tax justice

They say that a week is a long time in politics. But recently it feels like a day is enough to change almost anything. And if it is true that a political week is a long time, then right now a year feels like a very very long time indeed.
A year on from the scandal of the Panama Papers and in the new reality of Brexit, the UK is thinking about its 'Global Britain' role in the world. The UK must continue to lead on transparency and anti-corruption issues. The first step in this should be committing that all of our Overseas Territories will have the same level of transparency as the UK, and within the lifetime of this Parliament.
The new UK Prime Minister Theresa May set out her stall early, promising on the steps of Downing Street that her tax policy would "prioritise not the wealthy, but you" and pledging that "we have decided to do more to stop aggressive tax avoidance and to fight corruption". It all sounds very promising, but success will depend on how she puts her words into action. Ahead of her speech to Conservative Party Conference we look at what she can do...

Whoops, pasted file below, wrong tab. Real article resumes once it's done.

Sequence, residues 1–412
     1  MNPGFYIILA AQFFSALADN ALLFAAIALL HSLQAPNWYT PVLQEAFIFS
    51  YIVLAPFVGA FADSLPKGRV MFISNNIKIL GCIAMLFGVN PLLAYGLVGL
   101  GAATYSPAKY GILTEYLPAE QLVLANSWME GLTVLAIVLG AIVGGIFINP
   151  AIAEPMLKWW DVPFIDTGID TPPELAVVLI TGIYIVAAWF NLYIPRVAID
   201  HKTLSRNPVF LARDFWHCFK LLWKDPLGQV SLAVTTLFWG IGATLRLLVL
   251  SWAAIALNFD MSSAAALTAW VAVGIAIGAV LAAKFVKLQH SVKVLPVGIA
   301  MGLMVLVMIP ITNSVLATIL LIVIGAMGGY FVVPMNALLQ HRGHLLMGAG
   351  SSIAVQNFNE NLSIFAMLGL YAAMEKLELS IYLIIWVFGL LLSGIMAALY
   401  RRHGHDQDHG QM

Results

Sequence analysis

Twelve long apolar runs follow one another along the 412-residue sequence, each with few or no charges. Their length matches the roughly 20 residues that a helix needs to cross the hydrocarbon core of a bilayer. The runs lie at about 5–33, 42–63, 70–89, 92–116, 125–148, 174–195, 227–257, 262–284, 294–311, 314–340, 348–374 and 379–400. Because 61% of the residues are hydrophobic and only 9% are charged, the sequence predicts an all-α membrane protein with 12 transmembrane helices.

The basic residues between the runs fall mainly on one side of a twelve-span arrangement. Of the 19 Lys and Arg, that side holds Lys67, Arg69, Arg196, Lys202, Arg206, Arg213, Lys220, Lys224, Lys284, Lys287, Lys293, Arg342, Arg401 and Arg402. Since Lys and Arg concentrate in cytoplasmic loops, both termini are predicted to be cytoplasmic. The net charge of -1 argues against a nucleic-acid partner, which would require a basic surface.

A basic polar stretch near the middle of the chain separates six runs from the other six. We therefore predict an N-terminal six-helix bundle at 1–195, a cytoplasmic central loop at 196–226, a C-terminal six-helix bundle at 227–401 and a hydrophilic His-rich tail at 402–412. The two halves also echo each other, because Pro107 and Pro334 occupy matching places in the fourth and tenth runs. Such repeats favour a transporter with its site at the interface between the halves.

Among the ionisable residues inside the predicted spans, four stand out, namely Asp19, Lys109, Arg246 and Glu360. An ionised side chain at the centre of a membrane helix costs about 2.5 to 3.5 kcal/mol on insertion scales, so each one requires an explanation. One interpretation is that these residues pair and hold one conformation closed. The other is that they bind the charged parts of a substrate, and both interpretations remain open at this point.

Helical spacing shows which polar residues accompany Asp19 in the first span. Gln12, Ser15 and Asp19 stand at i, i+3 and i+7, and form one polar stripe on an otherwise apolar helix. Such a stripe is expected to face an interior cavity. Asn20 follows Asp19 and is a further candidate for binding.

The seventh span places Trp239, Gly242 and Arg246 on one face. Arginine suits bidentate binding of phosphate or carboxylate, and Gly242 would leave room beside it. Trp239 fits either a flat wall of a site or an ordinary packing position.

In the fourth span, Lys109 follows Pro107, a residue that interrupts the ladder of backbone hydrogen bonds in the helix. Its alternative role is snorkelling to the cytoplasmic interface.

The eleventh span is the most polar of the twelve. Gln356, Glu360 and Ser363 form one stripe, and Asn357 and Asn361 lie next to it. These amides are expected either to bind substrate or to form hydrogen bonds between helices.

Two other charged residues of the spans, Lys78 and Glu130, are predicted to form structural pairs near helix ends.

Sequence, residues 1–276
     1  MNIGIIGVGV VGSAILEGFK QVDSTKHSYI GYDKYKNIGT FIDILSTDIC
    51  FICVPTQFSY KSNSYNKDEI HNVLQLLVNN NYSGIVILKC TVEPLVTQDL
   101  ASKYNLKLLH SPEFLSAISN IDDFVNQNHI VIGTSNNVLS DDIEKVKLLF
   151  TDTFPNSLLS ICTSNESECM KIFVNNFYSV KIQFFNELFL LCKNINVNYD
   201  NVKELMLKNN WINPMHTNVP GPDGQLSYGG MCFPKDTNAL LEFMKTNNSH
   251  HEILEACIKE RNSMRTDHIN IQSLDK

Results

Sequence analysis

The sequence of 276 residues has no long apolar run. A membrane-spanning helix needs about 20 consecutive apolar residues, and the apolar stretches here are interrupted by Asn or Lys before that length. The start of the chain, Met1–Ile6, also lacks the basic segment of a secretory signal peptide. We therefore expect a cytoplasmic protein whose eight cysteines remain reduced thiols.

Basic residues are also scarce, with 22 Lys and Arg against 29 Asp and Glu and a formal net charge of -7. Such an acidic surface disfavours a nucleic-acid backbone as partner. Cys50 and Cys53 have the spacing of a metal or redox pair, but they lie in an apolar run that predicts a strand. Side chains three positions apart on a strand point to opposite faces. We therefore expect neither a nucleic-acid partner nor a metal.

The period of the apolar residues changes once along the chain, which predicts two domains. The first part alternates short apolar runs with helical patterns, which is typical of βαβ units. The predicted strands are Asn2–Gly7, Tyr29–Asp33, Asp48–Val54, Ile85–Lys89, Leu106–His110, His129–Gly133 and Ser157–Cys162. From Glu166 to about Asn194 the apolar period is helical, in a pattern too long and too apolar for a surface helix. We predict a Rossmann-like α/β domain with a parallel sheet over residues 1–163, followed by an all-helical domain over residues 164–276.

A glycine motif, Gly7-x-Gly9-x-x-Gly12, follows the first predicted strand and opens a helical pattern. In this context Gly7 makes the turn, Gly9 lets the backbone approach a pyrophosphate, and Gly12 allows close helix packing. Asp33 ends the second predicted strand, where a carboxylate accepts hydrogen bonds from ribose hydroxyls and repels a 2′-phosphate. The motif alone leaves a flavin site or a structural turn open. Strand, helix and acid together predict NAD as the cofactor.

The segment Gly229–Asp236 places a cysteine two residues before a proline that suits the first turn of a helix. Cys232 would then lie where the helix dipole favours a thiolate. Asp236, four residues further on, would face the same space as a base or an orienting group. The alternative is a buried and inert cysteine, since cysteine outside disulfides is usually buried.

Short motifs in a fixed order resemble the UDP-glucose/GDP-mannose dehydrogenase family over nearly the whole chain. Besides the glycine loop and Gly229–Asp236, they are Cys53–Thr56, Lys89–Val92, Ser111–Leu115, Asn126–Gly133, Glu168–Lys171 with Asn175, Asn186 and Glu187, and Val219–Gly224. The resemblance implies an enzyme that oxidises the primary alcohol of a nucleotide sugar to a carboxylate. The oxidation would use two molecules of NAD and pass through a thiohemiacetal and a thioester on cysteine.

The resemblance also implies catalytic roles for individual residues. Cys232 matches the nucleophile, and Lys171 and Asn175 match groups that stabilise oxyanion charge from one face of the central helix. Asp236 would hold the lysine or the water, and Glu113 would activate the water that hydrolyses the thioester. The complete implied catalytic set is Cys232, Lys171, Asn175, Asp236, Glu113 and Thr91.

Parliament will be standing up for fair taxes. For all companies to pay responsible tax and to play by the same set of rules. If Parliament steps up, we won't be the last country to do so. But the UK will be at the front of the pack. Right where we should be.
Despite the turmoil, Parliament must set about the business of passing legislation. And just maybe, after a quiet weekend, the Chancellor may surprise us all. Because one bit of unfinished business, where the UK could act decisively, is on multinationals and the taxes they pay.
In 2016 the number of people in Britain forced to rely on foodbanks to feed themselves and their children is legion, as is the number who've been reduced to despair because their benefits have been cut for the most minor of infractions...
Three of the world's biggest oil and gas companies - Shell, Total and ENI - were granted an extraordinary series of tax breaks worth a staggering US$3.3billion in Nigeria, a country where millions of people live in extreme poverty.
A just and global solution to the problems of international taxation is required if developing countries are to realise economic self-sufficiency. But if developing countries cannot have a meaningful voice in global tax rules, then they have every justification for going their own way.
Tax avoidance can also be illegal. Hence you can be found guilty of tax avoidance if it is ruled that the methods you used were actually illegal, even though the intention of the tax(non)payer was not to break the law. ..
Over the last year corporation tax has surged up the political agenda. Partly due to grandstanding by the public affairs committee, and partly due to an increased public appetite for tax justice in the present austerity context...